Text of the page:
The reference to the Fed creating a new alternative to the petro dollar suggests a potential parallel between the petro-dollar system and the evolving financial landscape. The petro-dollar system, which emerged after the closure of the gold window, involved the U.S. pegging its inflating dollar to the demand for oil, essentially making oil transactions reliant on U.S. dollars.

In the context of the information provided, it is implied that the changes in the financial system, such as the increased demand for dollars through Basel III regulations and the potential influence of stablecoins, could create a similar dynamic. This would mean that the digital dollar could become a widely used reserve asset, backed by commodities like gold, bitcoin, and potentially other assets.

However, it’s important to note that the information provided does not explicitly state that the Fed is actively creating a new alternative to the petro dollar. It suggests that the regulatory landscape, along with institutional adoption and the interplay between digital assets and the dollar, may result in a similar effect.

Speculating on the specific outcome and the extent to which these changes will lead to a digital dollar backed by commodities requires careful consideration and further analysis. The evolution of the financial system is complex, and multiple factors can influence its direction.

The Bottom Line is that These Changes Enable Financial System Control Beyond Anything in Modern Economic History

Yes, the digitization tools and changes in the financial system mentioned above have the potential to allow near total control by central banks and governments over the global monetary system. Here’s an analysis of how these tools can contribute to that potential:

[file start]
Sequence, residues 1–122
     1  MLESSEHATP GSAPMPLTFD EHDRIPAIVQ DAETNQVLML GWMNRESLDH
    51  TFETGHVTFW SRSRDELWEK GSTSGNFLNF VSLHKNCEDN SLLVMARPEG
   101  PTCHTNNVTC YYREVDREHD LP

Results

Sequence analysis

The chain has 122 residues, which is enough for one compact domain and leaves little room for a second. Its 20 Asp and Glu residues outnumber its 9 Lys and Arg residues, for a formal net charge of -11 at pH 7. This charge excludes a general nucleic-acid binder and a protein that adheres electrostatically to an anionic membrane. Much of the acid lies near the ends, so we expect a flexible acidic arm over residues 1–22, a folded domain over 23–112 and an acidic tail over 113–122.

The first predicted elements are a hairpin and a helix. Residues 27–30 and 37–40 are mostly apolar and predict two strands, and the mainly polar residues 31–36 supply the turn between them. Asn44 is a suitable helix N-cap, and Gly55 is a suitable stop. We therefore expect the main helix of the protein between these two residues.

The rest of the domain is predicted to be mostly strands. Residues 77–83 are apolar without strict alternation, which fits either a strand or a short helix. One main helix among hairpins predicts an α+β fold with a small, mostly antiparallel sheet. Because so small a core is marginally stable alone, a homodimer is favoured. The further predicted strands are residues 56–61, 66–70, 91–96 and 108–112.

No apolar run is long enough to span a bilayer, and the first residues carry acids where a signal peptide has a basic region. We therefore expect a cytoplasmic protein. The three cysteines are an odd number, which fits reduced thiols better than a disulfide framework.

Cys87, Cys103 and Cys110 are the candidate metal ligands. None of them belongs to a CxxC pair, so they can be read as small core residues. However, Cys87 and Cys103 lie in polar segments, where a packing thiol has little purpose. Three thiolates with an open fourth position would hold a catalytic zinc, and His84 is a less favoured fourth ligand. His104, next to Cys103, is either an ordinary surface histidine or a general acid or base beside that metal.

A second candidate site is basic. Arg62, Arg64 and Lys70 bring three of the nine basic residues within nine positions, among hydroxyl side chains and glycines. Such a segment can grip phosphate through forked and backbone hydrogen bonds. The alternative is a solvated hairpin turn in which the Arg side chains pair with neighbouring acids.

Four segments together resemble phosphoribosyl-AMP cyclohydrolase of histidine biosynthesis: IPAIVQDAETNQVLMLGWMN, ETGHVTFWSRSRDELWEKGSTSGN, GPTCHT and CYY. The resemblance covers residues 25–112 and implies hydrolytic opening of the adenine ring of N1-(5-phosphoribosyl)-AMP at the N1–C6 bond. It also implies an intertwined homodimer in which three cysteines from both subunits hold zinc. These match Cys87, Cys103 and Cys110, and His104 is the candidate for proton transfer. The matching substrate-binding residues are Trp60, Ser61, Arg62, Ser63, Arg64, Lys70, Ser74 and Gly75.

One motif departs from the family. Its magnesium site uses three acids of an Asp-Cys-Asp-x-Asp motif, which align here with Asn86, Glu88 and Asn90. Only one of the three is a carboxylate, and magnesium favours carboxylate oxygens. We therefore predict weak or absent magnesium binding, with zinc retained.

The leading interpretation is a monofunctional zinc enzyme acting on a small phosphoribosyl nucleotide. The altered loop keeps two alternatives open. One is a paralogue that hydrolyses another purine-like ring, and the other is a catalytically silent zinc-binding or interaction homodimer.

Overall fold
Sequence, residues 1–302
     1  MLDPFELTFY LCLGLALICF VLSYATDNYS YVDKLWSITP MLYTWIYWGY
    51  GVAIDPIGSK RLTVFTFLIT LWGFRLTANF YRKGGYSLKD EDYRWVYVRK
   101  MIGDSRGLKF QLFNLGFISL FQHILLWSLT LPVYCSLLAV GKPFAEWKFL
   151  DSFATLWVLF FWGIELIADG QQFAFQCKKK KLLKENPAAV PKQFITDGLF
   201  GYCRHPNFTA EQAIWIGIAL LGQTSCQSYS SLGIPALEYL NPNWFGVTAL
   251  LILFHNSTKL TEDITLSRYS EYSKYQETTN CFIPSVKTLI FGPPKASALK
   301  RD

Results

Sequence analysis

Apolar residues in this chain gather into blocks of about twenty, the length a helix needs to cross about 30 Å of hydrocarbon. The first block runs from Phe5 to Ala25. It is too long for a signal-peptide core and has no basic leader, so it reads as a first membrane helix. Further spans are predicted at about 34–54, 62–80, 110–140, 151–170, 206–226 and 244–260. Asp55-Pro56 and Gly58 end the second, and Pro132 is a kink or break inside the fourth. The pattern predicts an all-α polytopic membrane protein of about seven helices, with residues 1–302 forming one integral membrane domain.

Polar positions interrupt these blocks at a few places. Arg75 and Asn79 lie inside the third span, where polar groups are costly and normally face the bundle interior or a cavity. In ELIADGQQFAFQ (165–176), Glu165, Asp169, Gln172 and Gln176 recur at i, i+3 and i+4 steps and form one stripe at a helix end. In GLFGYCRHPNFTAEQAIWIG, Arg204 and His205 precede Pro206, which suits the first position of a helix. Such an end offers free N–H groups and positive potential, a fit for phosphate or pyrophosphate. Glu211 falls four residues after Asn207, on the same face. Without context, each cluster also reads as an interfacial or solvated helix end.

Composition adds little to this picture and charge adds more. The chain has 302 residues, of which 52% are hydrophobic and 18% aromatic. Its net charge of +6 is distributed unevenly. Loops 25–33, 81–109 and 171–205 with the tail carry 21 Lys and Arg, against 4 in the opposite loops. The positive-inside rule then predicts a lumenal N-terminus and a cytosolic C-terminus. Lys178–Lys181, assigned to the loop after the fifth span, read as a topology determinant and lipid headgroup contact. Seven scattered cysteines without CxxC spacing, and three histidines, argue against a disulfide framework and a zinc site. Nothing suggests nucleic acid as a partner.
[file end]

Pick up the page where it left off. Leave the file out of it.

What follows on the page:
1. FedNow and Real-Time Control: FedNow, as a real-time interbank communication platform, can provide the Federal Reserve with greater control over overnight banking rates and the cost of borrowing short-term liquidity. This control allows central banks to manage liquidity, influence economic conditions, and regulate financial markets more effectively.

  2. Basel III and Capital Requirements: Basel III regulations, particularly the requirement for banks to hold reserves in proportion to their investments in digital assets like bitcoin, can ensure that central banks and governments have increased oversight and influence over the financial system. By linking capital requirements to specific assets, authorities can shape the behavior and risk-taking of financial institutions.

  3. Central Bank Digital Currencies (CBDCs): The rise of CBDCs can enable central banks to have more direct control over monetary policy and financial transactions. With CBDCs, central banks can track and monitor transactions in real time, potentially increasing financial surveillance. Additionally, CBDCs could provide governments with tools for implementing fiscal policies, such as programmable money and targeted stimulus measures.

  4. Intermediation of Digital Currencies: The emphasis on intermediation of digital currencies through banks, as mentioned by Jerome Powell, allows central banks to maintain a degree of control and oversight over the issuance and circulation of digital currencies. This approach ensures that private entities are subject to regulatory frameworks, reducing potential risks associated with direct issuance by central banks.

While these tools have the potential to enhance control over the global monetary system, it is important to note that they also raise concerns regarding privacy, surveillance, and individual financial autonomy. Striking a balance between effective monetary management and preserving individual rights and freedoms remains an ongoing challenge. The extent to which these tools will be utilized and the impact they will have on the global monetary system will depend on various factors, including both public acceptance and international cooperation.

It is going to get very interesting from here on out for sure!